Plas­tic detox

A beach in Miri, Sarawak, is cleaned up. But it’s just a short term mea­sure.

The Star Malaysia - Star2 - - Ecowatch - By SL WONG

Teacher and sea scout leader Amri Azmi brought his four chil­dren to the Miri beach cleanup to teach them the im­por­tance of tak­ing care of the ocean’s health. — SL WONG THE four sib­lings were up at 6am, im­pa­tient to get go­ing. Af­ter all, to­day was the day of the big beach cleanup.

They were only four, five, seven and nine years old, but they loved na­ture. And they loved the idea of do­ing some­thing for Mother Earth to­gether with other peo­ple.

In fact, Azhan Zulfa an-Na­jla, Akram Fi­ras al-Hameez, Ah­naf Razin al-Hameez and Akhtar Ha­nis an-Na­jla were among a record 300 vol­un­teers who turned up at Ma­rina Bay in Miri, Sarawak, last month for the city’s largest beach cleanup.

The vol­un­teers bagged an es­ti­mated 500kg of rub­bish from a 600m stretch of recre­ational beach. This event kicked off Miri’s first World Oceans Day (WOD) cel­e­bra­tion. Or­gan­ised by a coali­tion of non-gov­ern­men­tal or­gan­i­sa­tions (NGOs), lo­cal gov­ern­ment and aca­demics, it fea­tured nu­mer­ous ac­tiv­i­ties through­out the month of July.

“We hope that all these ac­tiv­i­ties will help the ocean,” said the event’s co-or­gan­is­ing chair­per­son Datin Judy Wan Mor­shidi of the Malaysian Red Cres­cent Miri chap­ter. “But for it to hap­pen, strong sup­port from the peo­ple is re­quired.”

Par­tic­u­larly alarm­ing is marine plas­tic pol­lu­tion, the global con­ser­va­tion fo­cus of this year’s WOD (which of­fi­cially falls on June 8). Ac­cord­ing to the United Na­tions En­vi­ron­ment Pro­gram (UNEP), eight mil­lion tonnes of plas­tic en­ter the seas ev­ery year.

This is alarm­ing be­cause ocean plas­tic does not biode­grade. In­stead, it breaks up into ever smaller pieces (un­til it be­comes mi­croplas­tics) and re­mains in the ocean. Not only does this mean plas­tic trash wash­ing up on our beaches. Ac­cord­ing to sci­en­tists, it cre­ates a kind of toxic plas­tic “soup” that pol­lutes the fur­thest seas, reach­ing even for­merly pris­tine ar­eas such as the Arc­tic and the mid­dle of the Pa­cific Ocean.

It en­dan­gers and kills coral reefs and wildlife, in­clud­ing seabirds and tur­tles, and trav­els up the food chain from plank­ton to hu­mans. This means that the plas­tic we throw into the ocean even­tu­ally ends up back in our bodies (when we eat seafood)!

Bor­row­ing from chil­dren

“This (plas­tic) rub­bish came in from the sea,” said Amri Azmi, the father of the four chil­dren at the beach cleanup.

A teacher and sea scout leader, he took his kids to the event to teach them about beach lit­ter and ocean health. The chil­dren were a hit with the lo­cal me­dia for their dil­li­gence in pick­ing up lit­ter for the en­tire two-hour du­ra­tion.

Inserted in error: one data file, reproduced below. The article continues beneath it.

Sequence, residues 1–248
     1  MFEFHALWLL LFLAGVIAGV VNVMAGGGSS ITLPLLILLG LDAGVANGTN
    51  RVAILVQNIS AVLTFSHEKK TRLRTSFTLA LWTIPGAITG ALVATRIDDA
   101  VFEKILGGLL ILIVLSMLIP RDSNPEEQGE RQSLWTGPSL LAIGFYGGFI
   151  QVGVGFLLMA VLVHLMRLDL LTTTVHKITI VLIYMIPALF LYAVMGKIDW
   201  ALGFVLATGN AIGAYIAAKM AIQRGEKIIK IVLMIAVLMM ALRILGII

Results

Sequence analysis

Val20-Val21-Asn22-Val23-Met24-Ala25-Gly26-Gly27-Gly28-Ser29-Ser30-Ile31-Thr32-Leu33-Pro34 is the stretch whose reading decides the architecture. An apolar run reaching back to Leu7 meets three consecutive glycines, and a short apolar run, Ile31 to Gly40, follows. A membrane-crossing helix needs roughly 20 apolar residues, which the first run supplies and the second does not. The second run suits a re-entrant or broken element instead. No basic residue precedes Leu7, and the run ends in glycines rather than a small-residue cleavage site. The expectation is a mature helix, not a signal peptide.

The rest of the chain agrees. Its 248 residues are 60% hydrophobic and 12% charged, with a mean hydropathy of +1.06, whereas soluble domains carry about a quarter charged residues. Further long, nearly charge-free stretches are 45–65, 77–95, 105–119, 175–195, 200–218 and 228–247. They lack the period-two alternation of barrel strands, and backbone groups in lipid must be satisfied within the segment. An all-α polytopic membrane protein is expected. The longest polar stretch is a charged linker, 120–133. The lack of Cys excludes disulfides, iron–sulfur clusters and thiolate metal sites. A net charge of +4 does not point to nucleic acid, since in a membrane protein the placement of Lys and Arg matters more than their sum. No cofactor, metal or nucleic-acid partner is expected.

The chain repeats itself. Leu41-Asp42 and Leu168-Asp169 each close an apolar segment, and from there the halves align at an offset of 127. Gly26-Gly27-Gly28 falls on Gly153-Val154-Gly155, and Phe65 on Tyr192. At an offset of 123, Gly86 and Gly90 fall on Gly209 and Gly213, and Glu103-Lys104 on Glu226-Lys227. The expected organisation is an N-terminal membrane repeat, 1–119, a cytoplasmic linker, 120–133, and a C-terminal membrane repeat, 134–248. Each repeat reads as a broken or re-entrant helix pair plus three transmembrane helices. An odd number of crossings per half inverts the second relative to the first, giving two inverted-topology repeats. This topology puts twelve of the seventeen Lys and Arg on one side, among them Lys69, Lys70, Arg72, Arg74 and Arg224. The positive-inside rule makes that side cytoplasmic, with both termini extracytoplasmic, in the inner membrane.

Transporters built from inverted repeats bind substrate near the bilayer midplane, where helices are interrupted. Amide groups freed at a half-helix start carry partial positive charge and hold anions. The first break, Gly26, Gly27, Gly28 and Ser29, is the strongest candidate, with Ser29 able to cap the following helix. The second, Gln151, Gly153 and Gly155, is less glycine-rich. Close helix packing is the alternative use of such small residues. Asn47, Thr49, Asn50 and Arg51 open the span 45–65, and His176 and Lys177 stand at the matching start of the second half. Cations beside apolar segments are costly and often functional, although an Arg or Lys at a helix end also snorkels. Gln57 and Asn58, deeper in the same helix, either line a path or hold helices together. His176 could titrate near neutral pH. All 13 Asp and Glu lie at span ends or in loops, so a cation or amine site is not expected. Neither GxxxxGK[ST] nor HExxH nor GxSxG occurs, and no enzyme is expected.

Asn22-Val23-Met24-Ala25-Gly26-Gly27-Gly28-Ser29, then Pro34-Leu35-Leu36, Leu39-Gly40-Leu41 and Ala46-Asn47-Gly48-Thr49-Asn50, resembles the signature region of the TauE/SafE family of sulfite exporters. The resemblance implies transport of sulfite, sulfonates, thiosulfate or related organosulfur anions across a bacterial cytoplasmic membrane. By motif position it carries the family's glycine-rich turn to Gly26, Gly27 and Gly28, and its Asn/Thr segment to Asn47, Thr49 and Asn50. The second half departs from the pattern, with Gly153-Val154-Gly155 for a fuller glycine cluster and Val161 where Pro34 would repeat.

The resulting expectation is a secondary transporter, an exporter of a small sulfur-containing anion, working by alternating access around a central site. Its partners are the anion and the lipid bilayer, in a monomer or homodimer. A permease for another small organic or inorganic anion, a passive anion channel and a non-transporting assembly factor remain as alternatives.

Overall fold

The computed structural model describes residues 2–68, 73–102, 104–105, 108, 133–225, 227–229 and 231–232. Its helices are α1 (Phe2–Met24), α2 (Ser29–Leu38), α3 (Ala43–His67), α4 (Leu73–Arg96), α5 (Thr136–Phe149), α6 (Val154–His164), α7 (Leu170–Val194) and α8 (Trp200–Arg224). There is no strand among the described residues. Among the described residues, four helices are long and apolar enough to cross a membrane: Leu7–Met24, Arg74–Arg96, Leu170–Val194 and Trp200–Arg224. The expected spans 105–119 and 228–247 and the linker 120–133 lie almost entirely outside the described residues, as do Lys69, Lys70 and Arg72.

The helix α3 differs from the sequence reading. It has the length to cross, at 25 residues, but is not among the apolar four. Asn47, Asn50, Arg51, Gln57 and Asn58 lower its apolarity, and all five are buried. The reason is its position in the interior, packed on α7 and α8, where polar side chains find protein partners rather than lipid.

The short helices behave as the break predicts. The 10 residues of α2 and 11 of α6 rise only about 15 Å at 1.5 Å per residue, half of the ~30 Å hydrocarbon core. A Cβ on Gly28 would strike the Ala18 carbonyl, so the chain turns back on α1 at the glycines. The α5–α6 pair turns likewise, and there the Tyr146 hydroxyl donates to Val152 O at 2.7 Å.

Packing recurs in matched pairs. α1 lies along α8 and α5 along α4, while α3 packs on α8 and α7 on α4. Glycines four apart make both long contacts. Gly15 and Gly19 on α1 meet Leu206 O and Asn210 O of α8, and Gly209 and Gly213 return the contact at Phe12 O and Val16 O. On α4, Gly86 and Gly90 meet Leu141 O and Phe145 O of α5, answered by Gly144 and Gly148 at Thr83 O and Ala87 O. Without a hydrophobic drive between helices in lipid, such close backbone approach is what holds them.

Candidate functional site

Con­cern for the next gen­er­a­tion is also what drives Iqbal Ab­dol­lah, the other WOD co-or­gan­is­ing chair­per­son.

In­volved in con­ser­va­tion since 1998, he stated that “nowa­days I will al­ways say that I’m just bor­row­ing na­ture from my daugh­ters. So I need to have our oceans be as clean as pos­si­ble so that my daugh­ters will be able to go div­ing or to walk along the beach hap­pily.”

Iqbal is from the Miri branch of the Malaysian Na­ture So­ci­ety (MNS), which has been in­volved in beach sur­veys for sev­eral years.

It was with MNS that another key WOD par­tic­i­pant, ge­ol­o­gist Dr Do­minique Dodge-Wan, started ex­am­in­ing beach lit­ter in Miri two years ago. An as­so­ciate pro­fes­sor at Curtin Univer­sity Sarawak, she has col­lected data from five recre­ational beaches and an­a­lysed it us­ing in­ter­na­tional guide­lines.

At the WOD sym­po­sium the day af­ter the beach cleanup, DodgeWan re­vealed that most of the lit­ter was plas­tic and that ev­ery type of plas­tic used in the Miri district was found on the beaches. The main items were small plas­tic bot­tles (less than 2 litres) and plas­tic bags.

The sym­po­sium au­di­ence was dis­mayed to learn that a sur­vey showed that in a 10m sur­vey on Ma­rina Bay where the cleanup was done, 167 bot­tles were found.

“We need to pre­vent trash in the river reach­ing the beaches,” said Dodge-Wan.

“Bet­ter still, pre­vent it reach­ing

About 300 vol­un­teers turned up at Ma­rina Bay in Miri, Sarawak, last month for the city’s largest beach cleanup. — SL WONG

Some 500kg of rub­bish was col­lected from Ma­rina Bay in Miri. — WONG WEE LIEM

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